Teacher of the Year to Stephanie Day from Friendship Public Charter
School, Chamberlain Campus. The finalists were Aris Pangilinan from H.
D. Woodson Senior High School; Brigham Kiplinger and Nathan Franz, both
from E. L. Haynes Public Charter School; and Christopher Bergfalk from
John Eaton Elementary School. The State Board congratulates all of the
awardees. Each has demonstrated deep dedication to education and to
Response to “Changes in Agency Direction”
Jamison L. Weinbaum, email@example.com
I was alerted to your posting this morning that contained an article
(Harry Gates, “Changes in Agency Direction,” themail, January 20)
referencing the Office of Zoning. The article appears to suggest that I
have eliminated the Compliance Review Specialist position at the Office
of Zoning. That is simply incorrect.
Earlier this month, in an effort to streamline efficiencies and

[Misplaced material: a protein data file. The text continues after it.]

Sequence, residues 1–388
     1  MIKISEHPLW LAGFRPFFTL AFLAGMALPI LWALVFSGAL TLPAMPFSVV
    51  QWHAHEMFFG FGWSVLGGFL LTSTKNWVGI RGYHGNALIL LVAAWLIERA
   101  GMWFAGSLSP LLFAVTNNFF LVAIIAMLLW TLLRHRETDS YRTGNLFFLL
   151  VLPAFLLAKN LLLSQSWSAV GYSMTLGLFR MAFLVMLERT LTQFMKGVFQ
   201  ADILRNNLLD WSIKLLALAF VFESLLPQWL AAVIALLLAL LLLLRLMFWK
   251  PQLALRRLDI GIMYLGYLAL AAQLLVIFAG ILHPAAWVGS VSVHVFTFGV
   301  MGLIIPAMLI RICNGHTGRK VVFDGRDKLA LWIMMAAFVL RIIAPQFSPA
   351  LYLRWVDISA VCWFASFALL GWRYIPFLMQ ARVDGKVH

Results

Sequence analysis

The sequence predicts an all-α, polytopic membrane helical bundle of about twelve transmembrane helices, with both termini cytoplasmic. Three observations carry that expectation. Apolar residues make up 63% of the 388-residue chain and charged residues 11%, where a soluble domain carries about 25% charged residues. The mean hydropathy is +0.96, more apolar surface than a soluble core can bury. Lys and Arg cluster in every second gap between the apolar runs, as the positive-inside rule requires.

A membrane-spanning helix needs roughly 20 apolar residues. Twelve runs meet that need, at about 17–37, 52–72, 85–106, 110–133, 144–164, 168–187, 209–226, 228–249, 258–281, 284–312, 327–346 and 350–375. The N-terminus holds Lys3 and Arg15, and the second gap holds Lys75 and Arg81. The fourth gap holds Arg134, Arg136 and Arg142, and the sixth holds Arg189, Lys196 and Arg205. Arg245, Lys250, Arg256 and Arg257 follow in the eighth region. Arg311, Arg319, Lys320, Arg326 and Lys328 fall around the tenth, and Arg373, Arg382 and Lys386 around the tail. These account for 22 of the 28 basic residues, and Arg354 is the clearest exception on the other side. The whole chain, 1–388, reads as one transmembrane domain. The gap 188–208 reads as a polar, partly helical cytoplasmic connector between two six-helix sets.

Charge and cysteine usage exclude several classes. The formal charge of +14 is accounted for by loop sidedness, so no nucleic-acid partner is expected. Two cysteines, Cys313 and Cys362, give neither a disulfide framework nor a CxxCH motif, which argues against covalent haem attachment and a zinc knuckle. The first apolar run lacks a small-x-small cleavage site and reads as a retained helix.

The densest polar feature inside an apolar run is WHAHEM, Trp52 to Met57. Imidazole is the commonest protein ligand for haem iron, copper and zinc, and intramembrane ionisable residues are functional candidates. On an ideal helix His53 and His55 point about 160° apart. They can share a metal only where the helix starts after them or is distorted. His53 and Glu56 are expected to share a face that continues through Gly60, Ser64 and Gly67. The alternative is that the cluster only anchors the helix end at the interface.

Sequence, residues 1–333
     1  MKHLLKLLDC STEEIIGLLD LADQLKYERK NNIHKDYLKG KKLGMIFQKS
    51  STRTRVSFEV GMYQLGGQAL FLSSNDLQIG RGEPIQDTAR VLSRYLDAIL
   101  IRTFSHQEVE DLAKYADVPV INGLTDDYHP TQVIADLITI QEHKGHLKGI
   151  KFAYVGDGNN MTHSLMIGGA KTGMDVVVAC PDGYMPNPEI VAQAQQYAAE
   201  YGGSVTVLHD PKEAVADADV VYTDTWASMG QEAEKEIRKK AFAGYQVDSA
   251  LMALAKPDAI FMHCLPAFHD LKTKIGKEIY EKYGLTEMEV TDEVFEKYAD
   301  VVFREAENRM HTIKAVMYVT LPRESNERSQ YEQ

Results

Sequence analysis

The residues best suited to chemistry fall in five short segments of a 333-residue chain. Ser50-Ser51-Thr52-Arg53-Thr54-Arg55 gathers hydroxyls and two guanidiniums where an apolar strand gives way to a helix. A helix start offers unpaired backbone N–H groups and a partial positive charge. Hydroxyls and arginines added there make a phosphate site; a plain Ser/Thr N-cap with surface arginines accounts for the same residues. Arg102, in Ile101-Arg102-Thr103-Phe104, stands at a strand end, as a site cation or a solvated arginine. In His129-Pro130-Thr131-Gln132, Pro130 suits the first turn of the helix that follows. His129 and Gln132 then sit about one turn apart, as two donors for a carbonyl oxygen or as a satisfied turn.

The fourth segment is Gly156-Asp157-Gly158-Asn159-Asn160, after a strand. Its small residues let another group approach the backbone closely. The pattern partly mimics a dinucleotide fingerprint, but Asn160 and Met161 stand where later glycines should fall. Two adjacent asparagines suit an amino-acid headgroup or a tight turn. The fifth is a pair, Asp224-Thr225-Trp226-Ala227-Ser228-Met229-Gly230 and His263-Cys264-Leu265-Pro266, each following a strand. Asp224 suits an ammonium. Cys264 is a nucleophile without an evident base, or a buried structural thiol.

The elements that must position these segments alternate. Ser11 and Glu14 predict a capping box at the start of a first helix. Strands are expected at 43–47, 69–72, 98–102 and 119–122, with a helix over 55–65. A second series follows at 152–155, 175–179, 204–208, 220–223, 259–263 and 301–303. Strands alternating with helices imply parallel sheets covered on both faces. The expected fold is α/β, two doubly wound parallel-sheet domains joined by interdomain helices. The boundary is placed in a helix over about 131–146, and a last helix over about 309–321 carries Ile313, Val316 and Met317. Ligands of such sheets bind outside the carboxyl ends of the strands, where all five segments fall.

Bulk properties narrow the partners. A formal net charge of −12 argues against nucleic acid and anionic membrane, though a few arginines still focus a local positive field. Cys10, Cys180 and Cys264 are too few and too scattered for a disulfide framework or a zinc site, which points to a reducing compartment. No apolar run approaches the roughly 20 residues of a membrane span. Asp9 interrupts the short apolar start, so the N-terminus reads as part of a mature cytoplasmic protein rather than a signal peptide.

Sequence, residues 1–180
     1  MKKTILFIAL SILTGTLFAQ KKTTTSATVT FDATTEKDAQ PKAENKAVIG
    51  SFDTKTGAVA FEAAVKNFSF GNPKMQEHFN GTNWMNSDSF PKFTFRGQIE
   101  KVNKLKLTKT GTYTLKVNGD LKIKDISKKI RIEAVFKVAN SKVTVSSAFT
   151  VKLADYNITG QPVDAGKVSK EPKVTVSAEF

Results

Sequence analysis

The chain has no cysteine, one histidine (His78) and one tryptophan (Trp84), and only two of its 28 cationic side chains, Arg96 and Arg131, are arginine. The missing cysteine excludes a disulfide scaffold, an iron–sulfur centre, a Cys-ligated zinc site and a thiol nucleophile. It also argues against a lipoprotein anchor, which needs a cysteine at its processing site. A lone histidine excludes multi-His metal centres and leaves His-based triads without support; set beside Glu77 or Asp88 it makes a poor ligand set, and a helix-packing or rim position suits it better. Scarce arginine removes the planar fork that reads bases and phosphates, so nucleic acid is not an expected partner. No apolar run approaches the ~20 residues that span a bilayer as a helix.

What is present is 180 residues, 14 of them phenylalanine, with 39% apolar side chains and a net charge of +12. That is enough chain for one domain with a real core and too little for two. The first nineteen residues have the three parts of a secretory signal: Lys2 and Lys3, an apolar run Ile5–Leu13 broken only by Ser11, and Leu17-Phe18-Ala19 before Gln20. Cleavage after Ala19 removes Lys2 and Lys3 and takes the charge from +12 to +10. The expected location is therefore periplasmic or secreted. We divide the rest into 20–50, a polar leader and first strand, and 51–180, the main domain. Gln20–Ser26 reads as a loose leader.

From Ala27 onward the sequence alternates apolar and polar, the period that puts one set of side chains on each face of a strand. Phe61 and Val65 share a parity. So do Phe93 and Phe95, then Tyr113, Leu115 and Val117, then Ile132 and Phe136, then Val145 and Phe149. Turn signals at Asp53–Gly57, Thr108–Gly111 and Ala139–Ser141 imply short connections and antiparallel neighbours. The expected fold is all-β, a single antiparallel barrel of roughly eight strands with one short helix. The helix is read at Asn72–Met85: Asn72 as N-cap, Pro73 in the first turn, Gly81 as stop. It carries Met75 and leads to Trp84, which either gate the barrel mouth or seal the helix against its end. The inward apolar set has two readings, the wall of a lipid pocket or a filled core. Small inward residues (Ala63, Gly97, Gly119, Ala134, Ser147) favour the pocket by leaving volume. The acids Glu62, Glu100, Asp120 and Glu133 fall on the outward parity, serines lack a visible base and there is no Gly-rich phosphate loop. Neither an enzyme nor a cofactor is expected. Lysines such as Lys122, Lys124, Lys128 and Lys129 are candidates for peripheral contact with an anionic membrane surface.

restructure certain employee responsibilities, I appointed Ms. Tracey
Rose as the new Compliance Review Specialist in the Office of Zoning.
Ms. Rose is a longtime employee of this agency and is fully prepared to
assist in compliance matters. We treat compliance as a critical
component of our work on behalf of the public, and continue to provide
exemplary service in this area. I encourage you to visit our web site
for a thorough understanding of this program.
Going forward, I would ask that you simply contact me if you have any
questions or concerns about the direction of this agency. Specifically,
I’d much prefer that you direct questions to me before publishing
information that is inaccurate. I would further ask that you issue a new
posting noting this clarification regarding our compliance program.
Please let me know if you have any questions or further concerns.
Bag Tax — Get Over It
Clare Feinson, cfeinson at speakeasy dot net
I’m really tired of hearing people whine about the bag tax. Suck it
up and carry a bag, or pay the five freakin’ cents already. If you
shop every week day for a month, that’s about a dollar — I’ll bet
those people walking out of the store with groceries in their arms
mindlessly spend many extra dollars every week on things more useless to
them than a shopping bag.